Every organization needs suppliers. Acquiring goods and services before World War II was mainly seen as clerical; as something everybody who could read and write was able to do. Because of the almost unlimited demand in World War II, success of a firm did not depend on how much it could sell. It did depend, however, on the ability to secure raw materials, supplies and services to keep production going. Consequently, attention was given to the organization, policies and procedures of the supply function.
In the 50’s and 60’s, large producers such as car companies further developed the supply function into a recognized managerial activity. Chief Purchasing Officers were elevated to top management status. The 70’s were characterized by a shortage of almost all raw materials and its resultant increase in prices. The oil crisis only intensified these trends. These developments made acquiring goods for competitive prices critical for business success.
The 90’s showed the advent of the global market place, putting even more emphasis on the supply function for business continuity. Currently, raw materials, services and goods are more and more valued as strategic assets. Acquiring them has become an even bigger challenge because of scarcity and international production.
The supply function evolved significantly the last 60 years. A powerful but maybe oversimplified way to show the historic evolution of the supply functions can be found in this figure. Basically, it developed from operational purchasing to tactical procurement and currently, strategic supply management which can be stated as follows:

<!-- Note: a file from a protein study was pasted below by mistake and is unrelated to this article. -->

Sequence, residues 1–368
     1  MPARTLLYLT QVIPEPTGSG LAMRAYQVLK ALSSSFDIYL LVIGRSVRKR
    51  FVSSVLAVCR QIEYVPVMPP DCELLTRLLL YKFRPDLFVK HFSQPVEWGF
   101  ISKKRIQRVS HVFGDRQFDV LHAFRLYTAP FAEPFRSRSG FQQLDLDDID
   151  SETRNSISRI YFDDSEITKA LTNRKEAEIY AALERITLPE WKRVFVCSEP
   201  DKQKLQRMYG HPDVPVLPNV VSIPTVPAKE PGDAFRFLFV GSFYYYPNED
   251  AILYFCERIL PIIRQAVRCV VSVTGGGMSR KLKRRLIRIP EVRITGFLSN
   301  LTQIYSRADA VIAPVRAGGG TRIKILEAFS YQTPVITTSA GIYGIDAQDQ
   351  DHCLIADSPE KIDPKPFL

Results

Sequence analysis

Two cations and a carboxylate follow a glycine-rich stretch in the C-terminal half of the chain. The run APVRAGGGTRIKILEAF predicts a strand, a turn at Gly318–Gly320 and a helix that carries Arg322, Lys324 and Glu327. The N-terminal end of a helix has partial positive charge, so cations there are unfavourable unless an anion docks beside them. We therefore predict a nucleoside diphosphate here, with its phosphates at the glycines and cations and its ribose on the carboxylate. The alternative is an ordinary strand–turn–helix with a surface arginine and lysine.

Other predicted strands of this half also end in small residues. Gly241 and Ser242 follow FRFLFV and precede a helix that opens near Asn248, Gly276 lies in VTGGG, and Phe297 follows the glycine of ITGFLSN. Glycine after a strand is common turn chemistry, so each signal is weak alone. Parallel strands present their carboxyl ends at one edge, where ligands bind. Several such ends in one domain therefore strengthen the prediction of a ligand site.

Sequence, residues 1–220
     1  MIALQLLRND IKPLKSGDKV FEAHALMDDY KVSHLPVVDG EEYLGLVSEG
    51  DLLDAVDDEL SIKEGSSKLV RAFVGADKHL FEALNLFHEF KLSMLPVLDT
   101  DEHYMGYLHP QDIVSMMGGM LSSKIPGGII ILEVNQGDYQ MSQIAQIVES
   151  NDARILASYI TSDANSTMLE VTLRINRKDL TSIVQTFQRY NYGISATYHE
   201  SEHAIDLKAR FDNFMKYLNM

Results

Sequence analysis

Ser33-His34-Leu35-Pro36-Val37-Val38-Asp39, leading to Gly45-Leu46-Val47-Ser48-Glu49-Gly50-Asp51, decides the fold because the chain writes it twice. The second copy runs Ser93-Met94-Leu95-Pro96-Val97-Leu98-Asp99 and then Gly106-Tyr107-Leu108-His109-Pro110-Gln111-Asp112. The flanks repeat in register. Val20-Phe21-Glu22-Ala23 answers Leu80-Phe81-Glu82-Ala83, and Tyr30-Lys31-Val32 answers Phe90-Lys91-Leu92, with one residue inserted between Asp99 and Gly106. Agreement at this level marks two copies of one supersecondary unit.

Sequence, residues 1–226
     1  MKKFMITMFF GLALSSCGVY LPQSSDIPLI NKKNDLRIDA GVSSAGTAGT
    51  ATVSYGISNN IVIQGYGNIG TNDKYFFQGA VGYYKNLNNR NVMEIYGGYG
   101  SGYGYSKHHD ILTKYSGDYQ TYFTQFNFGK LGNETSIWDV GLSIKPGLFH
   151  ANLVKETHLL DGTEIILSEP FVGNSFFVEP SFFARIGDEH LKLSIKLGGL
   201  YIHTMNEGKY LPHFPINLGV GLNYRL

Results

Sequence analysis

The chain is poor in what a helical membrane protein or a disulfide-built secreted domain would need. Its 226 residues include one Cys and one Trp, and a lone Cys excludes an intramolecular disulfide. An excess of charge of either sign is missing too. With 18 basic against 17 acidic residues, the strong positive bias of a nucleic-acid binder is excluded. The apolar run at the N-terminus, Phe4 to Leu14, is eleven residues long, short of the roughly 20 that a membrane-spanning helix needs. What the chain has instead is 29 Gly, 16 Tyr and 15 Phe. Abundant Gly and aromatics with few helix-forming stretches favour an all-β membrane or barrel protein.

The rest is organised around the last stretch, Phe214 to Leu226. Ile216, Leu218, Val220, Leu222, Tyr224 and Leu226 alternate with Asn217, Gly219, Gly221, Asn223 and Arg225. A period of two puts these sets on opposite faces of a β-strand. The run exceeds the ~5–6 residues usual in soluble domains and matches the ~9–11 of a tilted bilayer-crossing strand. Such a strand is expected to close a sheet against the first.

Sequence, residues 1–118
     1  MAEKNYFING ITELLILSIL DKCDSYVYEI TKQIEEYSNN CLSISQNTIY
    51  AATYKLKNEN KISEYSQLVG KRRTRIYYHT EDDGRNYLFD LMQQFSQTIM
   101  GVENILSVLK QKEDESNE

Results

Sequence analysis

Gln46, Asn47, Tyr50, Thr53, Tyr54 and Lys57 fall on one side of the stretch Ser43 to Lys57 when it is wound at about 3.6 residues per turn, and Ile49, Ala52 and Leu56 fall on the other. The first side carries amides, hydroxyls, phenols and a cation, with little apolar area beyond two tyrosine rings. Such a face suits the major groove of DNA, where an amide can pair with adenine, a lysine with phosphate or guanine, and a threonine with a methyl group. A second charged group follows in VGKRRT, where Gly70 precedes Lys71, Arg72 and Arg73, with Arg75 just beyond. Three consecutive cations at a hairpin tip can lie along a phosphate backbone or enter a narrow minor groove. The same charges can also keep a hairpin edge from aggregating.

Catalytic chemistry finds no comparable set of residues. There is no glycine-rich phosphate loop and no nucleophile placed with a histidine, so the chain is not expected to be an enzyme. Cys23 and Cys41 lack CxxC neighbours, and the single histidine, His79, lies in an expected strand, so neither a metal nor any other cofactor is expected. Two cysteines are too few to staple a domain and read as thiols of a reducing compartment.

“Procurement is evolving into far more strategic discipline driven primarily by a greater awareness to financial implication of executing the function well”.
More recently experts of this field agree to use procurement and supply management interchangeably to indicate the supply function required for modern times. However it is preferend to focus on the defition on Kuafman for Supply Chain Management (SCM):
“all processes of supplying the company with direct and indirect materials, services, rights, and machinery and equipment from sources external to the organization, aimed at contributing to the achievement of sustainable competitive advantage”. It stands clear that these definitions go beyond the classic seven stage process as belows:
1-Recognition of need
2-Translation of need into commercial description
3-Search for potential suppliers
4-Selecting a suitable source
5-Agreement of order
6-Delivery of product or service
This operational process is what many people still see as ‘procurement’. In next blog posts we will focus of different types and aspects of supply chain management in oil and gas projects.